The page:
Negative impacts of increasing agriculture

While feeding a growing and increasingly prosperous population, agriculture has become a leading driver of biodiversity loss. The 2016 World Wildlife Fund Living Planet Index, which measures trends in almost 4,000 animal species worldwide, shows a decline in animal biodiversity of 58% since 1970 -- largely due to the expansion and increase in agriculture. This decrease is largely due to habitat loss (land being used to farm) and logging (forested land being cleared to create more farms) (The IUCN Red List 2019).

Other negative impacts of agricultural expansion include large increases in GHG emissions released into our atmosphere, as well as nitrates from fertilizer and animal waste that find their way into our water systems. 

Williams, et al

Agriculture already takes up 40% of the ice-free land on earth, and available land is primarily in the extreme north, extreme south, and in deserts (see graphic above). Unfortunately, we do not have a spare Earth that can grow more food. So, how can we produce more food?

Sustainable food production at a local level

With a finite amount of land and a fragile Earth, we are faced with two options to fully optimize land use for agriculture: land sharing and land sparing. Land sharing expands the amount of land used for farming but destroys native habitats (think: soybeans vs. rainforest) (Green et al). The second strategy, land sparing, increases agricultural yields from land already used for agriculture, without destroying additional native habitat (Green et al).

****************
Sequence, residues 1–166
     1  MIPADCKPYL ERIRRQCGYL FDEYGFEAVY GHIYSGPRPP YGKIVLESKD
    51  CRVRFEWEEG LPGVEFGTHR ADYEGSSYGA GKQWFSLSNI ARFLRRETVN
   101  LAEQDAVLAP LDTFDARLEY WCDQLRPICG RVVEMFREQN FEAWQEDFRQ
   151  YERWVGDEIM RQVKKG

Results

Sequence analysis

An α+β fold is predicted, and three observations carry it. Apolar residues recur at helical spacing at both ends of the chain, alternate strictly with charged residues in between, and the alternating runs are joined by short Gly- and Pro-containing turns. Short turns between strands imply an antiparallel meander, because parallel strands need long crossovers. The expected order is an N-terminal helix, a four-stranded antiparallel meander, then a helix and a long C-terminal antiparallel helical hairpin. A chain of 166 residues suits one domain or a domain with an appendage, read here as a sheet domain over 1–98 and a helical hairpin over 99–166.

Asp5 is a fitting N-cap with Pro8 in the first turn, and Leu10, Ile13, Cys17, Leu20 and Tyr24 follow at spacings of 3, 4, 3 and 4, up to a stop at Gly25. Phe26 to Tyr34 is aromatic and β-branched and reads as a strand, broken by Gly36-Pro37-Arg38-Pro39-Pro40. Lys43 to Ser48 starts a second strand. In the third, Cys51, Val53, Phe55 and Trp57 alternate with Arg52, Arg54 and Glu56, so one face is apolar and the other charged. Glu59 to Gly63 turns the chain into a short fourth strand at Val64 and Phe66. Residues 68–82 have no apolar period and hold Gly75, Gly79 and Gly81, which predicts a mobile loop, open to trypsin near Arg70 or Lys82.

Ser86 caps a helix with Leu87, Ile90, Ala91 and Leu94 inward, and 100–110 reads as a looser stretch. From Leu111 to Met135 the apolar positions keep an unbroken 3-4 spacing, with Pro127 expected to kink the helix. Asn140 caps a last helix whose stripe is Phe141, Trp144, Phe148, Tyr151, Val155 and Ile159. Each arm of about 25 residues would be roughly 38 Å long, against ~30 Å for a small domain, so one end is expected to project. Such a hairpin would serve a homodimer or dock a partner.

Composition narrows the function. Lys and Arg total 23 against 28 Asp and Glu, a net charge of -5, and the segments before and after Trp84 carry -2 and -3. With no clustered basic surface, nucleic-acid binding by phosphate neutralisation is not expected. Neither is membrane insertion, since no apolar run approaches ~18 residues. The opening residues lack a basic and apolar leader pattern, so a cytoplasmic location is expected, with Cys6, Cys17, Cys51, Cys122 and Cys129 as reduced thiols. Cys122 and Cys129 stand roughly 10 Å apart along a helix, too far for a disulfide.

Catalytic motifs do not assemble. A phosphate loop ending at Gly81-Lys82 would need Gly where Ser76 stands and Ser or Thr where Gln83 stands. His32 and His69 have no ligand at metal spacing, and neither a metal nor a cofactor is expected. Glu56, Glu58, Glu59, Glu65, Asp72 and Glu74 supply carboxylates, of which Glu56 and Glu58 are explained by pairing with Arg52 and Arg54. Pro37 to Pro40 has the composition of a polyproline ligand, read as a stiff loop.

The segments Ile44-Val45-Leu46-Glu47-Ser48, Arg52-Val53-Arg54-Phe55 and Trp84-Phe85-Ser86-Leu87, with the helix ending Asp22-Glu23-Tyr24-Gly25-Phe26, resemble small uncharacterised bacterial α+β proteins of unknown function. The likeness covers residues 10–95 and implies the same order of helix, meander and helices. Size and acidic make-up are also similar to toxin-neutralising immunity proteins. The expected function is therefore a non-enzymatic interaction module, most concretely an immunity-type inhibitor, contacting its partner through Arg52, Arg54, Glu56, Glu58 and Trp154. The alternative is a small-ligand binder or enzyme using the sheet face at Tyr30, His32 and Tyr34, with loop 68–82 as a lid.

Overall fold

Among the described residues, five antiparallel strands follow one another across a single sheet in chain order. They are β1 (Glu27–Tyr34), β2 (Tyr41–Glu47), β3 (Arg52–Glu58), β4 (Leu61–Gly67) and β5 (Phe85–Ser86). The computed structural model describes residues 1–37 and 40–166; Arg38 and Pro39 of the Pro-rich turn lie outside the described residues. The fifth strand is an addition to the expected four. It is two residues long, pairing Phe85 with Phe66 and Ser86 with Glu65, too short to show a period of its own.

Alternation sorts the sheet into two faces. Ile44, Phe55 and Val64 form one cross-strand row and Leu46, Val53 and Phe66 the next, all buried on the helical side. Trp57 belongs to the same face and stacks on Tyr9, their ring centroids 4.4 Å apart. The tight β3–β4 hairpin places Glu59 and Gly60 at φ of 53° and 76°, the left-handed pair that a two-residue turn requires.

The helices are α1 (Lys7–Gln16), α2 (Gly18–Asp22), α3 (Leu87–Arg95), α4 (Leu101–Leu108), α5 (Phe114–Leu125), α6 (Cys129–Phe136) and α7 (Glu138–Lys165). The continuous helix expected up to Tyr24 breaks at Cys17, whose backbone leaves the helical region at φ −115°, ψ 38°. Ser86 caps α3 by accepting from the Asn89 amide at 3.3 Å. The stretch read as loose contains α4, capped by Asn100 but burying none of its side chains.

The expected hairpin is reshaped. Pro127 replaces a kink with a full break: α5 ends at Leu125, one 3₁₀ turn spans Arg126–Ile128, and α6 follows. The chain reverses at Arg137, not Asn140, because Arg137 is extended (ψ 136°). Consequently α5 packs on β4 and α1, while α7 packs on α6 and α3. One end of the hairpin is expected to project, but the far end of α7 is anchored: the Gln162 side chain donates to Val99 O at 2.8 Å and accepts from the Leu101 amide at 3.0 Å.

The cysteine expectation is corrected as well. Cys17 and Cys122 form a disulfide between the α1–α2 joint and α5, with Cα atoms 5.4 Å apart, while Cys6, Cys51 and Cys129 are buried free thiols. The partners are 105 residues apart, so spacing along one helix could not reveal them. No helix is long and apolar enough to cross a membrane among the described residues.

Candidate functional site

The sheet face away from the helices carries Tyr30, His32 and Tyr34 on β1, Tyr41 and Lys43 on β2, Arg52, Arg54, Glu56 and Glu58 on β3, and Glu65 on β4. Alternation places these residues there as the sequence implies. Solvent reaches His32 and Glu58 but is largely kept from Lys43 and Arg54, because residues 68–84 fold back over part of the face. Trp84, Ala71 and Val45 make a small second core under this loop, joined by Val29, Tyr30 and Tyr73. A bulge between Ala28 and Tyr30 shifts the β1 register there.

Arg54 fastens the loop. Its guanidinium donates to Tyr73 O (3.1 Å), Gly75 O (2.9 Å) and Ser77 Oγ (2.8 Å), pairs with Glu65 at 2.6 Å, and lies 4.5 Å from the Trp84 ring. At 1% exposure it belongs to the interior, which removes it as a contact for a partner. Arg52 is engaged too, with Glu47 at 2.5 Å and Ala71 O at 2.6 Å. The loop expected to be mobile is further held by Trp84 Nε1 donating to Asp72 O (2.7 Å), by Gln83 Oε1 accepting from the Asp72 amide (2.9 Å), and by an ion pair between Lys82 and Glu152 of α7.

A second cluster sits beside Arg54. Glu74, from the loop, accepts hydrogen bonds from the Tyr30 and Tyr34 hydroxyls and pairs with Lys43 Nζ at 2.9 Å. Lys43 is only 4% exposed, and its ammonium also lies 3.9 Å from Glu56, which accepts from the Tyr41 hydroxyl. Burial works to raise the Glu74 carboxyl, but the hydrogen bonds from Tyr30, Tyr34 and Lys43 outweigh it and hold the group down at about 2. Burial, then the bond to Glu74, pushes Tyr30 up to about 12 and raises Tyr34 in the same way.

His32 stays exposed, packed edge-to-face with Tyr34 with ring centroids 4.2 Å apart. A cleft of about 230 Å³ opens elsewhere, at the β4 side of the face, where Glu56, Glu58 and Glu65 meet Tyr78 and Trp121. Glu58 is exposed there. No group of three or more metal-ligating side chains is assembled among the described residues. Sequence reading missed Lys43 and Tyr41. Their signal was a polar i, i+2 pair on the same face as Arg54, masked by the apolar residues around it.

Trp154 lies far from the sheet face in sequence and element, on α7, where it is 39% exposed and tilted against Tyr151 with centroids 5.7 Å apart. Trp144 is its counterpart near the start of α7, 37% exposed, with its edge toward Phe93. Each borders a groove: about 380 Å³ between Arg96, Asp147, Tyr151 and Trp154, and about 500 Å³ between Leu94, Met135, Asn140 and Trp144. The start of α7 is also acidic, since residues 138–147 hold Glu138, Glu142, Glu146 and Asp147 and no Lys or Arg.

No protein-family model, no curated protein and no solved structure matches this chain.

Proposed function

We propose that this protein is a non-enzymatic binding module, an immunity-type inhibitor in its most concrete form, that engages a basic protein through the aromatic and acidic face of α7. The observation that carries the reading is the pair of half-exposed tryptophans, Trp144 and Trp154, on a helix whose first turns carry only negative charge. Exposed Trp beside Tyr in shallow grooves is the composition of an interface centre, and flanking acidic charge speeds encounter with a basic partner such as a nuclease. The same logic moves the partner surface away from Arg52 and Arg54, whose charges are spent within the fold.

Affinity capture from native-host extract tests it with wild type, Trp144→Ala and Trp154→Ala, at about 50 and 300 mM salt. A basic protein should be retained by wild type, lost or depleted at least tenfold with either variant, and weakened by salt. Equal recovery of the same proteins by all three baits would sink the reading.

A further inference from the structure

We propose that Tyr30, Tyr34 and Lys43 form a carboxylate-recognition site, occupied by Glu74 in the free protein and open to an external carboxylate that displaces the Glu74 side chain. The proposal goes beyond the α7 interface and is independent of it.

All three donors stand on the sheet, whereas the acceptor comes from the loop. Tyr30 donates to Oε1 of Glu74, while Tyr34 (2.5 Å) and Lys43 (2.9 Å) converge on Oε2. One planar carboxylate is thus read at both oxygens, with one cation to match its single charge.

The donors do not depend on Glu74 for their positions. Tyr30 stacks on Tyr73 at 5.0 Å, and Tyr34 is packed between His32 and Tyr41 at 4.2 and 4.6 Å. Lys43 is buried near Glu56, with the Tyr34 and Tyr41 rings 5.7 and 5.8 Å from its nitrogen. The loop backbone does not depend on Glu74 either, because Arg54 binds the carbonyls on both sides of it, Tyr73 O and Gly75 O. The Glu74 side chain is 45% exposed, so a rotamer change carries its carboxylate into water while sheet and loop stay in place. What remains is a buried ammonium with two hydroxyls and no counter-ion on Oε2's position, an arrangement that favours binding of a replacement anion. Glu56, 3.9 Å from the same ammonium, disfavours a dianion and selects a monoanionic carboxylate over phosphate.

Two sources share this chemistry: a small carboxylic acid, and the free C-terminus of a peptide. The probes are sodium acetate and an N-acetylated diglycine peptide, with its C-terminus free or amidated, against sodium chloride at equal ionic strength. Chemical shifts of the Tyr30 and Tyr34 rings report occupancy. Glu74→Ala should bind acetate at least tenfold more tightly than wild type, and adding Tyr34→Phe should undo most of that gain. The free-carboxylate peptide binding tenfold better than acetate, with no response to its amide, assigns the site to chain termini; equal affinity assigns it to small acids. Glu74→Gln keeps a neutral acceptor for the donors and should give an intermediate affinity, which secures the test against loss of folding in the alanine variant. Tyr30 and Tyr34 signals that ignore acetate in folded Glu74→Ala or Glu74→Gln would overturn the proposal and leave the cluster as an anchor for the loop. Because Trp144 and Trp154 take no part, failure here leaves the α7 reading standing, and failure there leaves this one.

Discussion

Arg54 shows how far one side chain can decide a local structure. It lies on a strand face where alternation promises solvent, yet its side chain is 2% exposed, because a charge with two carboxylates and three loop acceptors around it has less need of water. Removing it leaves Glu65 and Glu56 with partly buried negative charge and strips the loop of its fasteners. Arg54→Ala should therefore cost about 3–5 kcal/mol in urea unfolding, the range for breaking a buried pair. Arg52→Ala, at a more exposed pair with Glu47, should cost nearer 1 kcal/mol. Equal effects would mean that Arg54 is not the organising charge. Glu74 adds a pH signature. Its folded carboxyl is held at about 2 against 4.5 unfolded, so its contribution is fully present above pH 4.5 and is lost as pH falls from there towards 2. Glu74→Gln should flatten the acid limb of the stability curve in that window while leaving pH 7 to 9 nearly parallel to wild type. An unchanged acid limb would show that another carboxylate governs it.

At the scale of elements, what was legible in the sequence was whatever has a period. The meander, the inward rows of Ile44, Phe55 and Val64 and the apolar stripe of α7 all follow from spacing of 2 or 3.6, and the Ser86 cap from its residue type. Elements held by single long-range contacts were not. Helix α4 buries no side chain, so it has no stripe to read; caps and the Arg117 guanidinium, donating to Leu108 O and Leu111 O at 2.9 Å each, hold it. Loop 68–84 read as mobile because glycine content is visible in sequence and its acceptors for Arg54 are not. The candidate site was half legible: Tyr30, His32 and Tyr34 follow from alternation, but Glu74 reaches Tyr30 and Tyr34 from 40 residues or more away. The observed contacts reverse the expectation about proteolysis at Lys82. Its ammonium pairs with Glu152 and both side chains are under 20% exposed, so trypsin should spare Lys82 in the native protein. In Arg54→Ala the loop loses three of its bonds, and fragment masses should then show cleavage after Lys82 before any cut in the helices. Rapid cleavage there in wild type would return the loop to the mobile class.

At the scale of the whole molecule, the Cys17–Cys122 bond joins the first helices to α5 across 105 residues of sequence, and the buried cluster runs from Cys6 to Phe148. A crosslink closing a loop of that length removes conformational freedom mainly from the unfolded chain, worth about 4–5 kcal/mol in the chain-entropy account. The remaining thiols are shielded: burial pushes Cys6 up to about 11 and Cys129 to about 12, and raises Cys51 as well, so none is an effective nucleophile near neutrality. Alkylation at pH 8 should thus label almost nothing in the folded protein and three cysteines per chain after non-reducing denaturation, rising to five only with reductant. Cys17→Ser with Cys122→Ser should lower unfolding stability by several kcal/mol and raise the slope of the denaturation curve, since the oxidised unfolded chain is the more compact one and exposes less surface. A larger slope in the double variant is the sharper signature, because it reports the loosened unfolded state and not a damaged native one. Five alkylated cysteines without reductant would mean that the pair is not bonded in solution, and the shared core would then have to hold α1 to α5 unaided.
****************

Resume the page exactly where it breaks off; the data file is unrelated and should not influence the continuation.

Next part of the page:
While researching the effects of cattle ranching on the land and native animal species in Yucatán, Dr. Williams found that most species decline rapidly as agriculture takes over more land. This means that we need to maximize the protection of native habitats to save these species, which means we need a land sparing strategy—combining high yield agriculture with habitat protection. In contrast, because most of the damage done by agriculture is in the initial conversion of natural habitats, maintaining low-yield, ‘wildlife-friendly’ farming offers few benefits and means a larger area is needed to produce the same amount of food. 

Dr. Claire Feniuk

Similar global studies produced the same general results across multiple crops studied. The more land sparing agriculture strategies are utilized, the more opportunity there is to protect the species that exist on the occupied land.

A sustainably grown future

With the growing challenge of increased demand for food and agriculture, there are a number of solutions that have emerged with the potential to increase the efficiency of our global food system. Some of these will involve behavior change, such as reducing consumption of foods with intensive production practices like meat, and others will be technological innovations that help to advance land sparing strategies. By reducing food waste and increasing efficiencies in the supply chains of fresh fruits and vegetables, Apeel can also be one of these solutions.